Taking down debt on a real-time basis reduces costs and optimises returns, yet also creates the risk that lenders may be reluctant to provide expanded capacity when needed due to a shift in the cycle or other institutional reasons. Credit terms may also be less favourable than those available today. This can constrain a fund’s capacity and leverage, and thus, its returns.
It’s helpful to ask a manager about the size of its bank group, the quality of relationships with these lenders and whether they have established exposure limits for the manager that may come into play.
How will you avoid hitting a ‘maturity wall’? A fund life of six years or longer is not uncommon, but most banks will not provide a credit facility for more than five years. In addition, managers may choose less expensive short-term financing with the intention of extending it throughout the fund life.
If the market changes materially, a lender may be unwilling to extend the financing and require the manager to accelerate amortisation or pay off the credit facility. This may reduce or even shut off cash flow to investors, force asset sales or require additional capital calls to avoid a payment default. A discussion with the manager can help investors understand how it intends to mitigate the risk of a maturity wall and balance the fund life with the financing time horizon.
What systems and controls do you use to track and fulfil the facility’s requirements? These facilities are complicated instruments with substantial compliance and reporting provisions. Many credit facilities require notification every time loans trigger certain credit thresholds (specified increases in leverage, for instance).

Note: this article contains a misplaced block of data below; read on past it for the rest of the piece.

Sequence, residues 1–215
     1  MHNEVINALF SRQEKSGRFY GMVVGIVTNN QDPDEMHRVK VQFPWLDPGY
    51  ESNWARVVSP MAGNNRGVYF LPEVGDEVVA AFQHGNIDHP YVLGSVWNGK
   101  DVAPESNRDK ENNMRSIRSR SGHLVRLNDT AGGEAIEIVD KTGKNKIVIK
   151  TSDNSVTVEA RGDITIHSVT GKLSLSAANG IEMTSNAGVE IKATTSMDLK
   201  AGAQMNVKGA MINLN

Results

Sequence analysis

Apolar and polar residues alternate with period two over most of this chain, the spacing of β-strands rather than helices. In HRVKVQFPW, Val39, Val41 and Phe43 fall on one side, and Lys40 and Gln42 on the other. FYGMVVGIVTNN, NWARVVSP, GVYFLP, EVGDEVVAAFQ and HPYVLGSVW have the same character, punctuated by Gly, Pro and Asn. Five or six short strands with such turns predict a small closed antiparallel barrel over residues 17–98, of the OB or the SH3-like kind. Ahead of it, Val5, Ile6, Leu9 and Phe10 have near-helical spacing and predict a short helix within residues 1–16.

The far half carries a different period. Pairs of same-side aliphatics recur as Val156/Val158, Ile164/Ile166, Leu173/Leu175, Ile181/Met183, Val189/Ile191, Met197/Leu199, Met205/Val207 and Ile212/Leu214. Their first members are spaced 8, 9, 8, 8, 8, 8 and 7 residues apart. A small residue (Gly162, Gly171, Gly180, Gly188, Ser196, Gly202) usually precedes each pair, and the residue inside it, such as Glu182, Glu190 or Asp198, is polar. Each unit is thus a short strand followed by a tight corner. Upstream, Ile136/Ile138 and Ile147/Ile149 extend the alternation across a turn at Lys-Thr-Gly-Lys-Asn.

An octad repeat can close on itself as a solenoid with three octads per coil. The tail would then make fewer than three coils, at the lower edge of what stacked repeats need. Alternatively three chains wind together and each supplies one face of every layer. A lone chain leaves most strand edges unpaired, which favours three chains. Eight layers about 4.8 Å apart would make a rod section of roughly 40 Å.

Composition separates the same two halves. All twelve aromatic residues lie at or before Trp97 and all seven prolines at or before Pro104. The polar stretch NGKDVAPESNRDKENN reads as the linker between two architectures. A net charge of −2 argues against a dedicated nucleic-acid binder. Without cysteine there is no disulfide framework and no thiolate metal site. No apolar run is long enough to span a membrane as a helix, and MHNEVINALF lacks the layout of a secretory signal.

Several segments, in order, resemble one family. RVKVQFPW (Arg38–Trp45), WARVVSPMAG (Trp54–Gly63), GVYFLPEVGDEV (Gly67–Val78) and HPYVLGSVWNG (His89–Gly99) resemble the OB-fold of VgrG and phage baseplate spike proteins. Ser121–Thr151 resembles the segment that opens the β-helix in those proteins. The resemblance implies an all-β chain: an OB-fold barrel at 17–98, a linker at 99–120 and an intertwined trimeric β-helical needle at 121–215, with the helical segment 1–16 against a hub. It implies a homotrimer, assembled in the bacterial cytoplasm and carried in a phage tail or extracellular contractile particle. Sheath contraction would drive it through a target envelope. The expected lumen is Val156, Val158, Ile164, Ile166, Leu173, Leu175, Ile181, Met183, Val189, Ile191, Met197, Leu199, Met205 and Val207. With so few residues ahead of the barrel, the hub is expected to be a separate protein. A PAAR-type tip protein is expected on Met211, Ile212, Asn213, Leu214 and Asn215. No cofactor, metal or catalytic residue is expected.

Financial reports and portfolio models are usually submitted every quarter. The facility may also require financial covenant certifications, all of which must be tracked and delivered in a timely manner.
Inadvertently failing to meet these requirements can trigger liability or even escalate to default. The risk may be higher for managers that have not operated levered `funds in the past and have not built the infrastructure to manage the requirements, or for a manager that is working with a new lender that may have different processes.
Look under the hood
Each form of fund-level leverage offers benefits and risks. Asking questions about a manager’s leverage strategy and ability to execute it effectively should become a standard part of investor due diligence. Looking under the hood to understand fund-level leverage is a prudent step in making fully informed decisions about levered funds and their potential returns.